Saturday, May 25Royal Holloway's offical student publication, est. 1986

A Night at the Oscars!

On Sunday night, the most important night in Hollywood and in cinematography took place and I had the determination to see it through, right there and then, with an all-nighter.

Neil Patrick Harris once ironically said: “I am incredibly grateful to Ellen for setting the bar very high for me”. Indeed, Ellen de Genres, who triumphed last year as a superb host in the magical night of Hollywood set the bar extremely high and it would take an extraordinary performance to top it. Neil Patrick Harris managed to entertain the audience in a charismatic and captivating way, but that generated some controversial arguments regarding some of his offen
sive jokes and some awkward interactions with the audience. Of course, there were some flops in his performance, such as his Oscar predictions.  He set it up at the very top of the show, where he informed us he had all his predictions for the ceremony prepared and at the very end of the show he unveiled them. It turns out they were a series of very mediocre jokes about things that had happened so far. Anyway, it is absolutely legitimate to criticize his performance, but lets not forget the fact that in comparison to Ellen (two times Oscar host), it was his first time hosting such a prestigious event in cinematography. From being the young star in the comedy-drama television series “Doggie Houser” in the early nineties, to the role that made him acclaimed around the world: Barney Stinson. Indeed, through the impersonation of the rich womanizer in the popular sitcom “How I met your mother”, Harris became one of the preferred choices when it came down to host awards. In fact, he went up to host various prestigious awards, such as the Tony Awards, Emmy Awards and on Sunday night, the most prestigious hosting job in Hollywood, the Academy Awards … from “How I met your mother” to “How Neil met the Oscars”. However lets look at the fact, that, as soon as the opening of the ceremony kicked off, NPH already demonstrated himself to be way above a simple Oscar Selfie. The opening left us simply amazed, as Harris’s performance in the choreographed number was superb and we don’t even need to start talking about his amazing voice when it comes to singing: exactly what Ellen was not capable to do last year. His opening monologue, performed through a dazzling singing act, left the audience in the Dolby theatre and the people watching the ceremony on TV, on the edge of their seats. To cut a long story short, Neil Patrick Harris did create some “legen…wait for it…dary” Oscar moments.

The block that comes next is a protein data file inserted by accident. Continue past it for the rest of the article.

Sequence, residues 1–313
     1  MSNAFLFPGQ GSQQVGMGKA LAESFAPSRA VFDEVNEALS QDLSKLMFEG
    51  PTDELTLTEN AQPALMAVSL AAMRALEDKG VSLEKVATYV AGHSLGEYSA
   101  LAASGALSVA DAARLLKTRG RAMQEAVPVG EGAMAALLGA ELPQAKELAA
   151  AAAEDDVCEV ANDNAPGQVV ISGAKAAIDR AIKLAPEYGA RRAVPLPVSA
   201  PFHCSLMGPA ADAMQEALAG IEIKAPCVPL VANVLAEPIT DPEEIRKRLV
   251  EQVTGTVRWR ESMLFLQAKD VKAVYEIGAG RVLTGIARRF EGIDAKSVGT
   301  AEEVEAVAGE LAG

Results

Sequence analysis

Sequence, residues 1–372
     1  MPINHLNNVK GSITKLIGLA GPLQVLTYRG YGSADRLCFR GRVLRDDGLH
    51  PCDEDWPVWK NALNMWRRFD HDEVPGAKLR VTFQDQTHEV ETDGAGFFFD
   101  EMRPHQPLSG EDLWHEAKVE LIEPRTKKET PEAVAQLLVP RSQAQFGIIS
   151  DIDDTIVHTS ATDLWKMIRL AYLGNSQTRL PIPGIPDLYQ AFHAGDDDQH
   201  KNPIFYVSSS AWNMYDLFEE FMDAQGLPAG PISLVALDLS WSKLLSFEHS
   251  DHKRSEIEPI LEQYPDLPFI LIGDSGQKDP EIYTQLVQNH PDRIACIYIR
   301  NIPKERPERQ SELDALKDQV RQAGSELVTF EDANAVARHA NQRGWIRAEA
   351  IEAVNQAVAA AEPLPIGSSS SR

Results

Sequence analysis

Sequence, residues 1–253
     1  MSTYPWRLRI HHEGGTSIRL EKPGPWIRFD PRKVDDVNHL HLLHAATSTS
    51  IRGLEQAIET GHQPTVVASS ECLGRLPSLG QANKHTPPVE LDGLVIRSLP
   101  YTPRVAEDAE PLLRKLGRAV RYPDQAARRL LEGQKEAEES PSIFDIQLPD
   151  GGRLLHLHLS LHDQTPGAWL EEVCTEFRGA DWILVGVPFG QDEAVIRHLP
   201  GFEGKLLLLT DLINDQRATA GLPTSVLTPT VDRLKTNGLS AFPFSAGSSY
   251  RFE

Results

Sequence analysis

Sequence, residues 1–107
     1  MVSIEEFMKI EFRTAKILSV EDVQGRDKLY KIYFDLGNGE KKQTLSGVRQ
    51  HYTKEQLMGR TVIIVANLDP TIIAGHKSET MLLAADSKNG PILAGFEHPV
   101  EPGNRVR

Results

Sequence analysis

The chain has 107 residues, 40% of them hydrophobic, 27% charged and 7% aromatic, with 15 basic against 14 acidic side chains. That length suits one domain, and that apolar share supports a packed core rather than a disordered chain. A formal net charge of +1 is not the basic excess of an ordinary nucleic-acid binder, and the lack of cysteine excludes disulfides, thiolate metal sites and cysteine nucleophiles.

However, last night’s real battle was between the Keaton-“Birdman” duo and Eddie Redmayne from “The Theory of Everything”: in the end the young British actor took the prestigious golden statue home with him. There is no doubt that both performances were impeccable, but last night, we saw once again the usual compassionate side of the Academy when it comes to honour the best performance. Hollywood, especially the Oscars, tends to reward actors that resurrect themselves; see Micky Rourke for example. More so, however, do they gratify actors and actresses who dramatise peoscars 1rsons suffering with physical disability. Indeed, as was aptly satirised by Ricky Gervais and Kate Winslet, taboo subject matters often provide the roles that bring the Oscars begging. It is not the first time, and it won’t be the last that this happened, but we must question any imbalances or bias this might weave into critical assessments. Those kinds of performances easily raise compassion and very often recognition as well, which might not necessarily derive entirely from the performance. This said let’ s not forget the amazing performances of Julian Moore in “Still Alice”, J.K. Simons in “Whiplash” and Patricia Arquette in “Boyhood” which were also awarded last night…but they certainly were more predictable.

All in all, we saw “Birdman” deservedly triumph in the major categories, such as best picture, best director, best original screenplay and cinematography, and the small magical masterpiece of Wes Anderson “The Grand Budapest Hotel” taking home four Oscars, for best makeup, best costume design, best production design and best original score. As I already wrote in my last article for the Orbital (“Getting closer to the Academy” 28/01/15), I was not at all surprised to see this film run as a serious Oscars contender; it really deserved it!

I would love to underline that the magical night this year opened up to new talents, and looked at a new way of transforming small cinema into big cinema. This is why, we have to keep in mind the profound last words of Neil Patrick Harris at the end of the ceremony: “Keep making Moving Pictures”.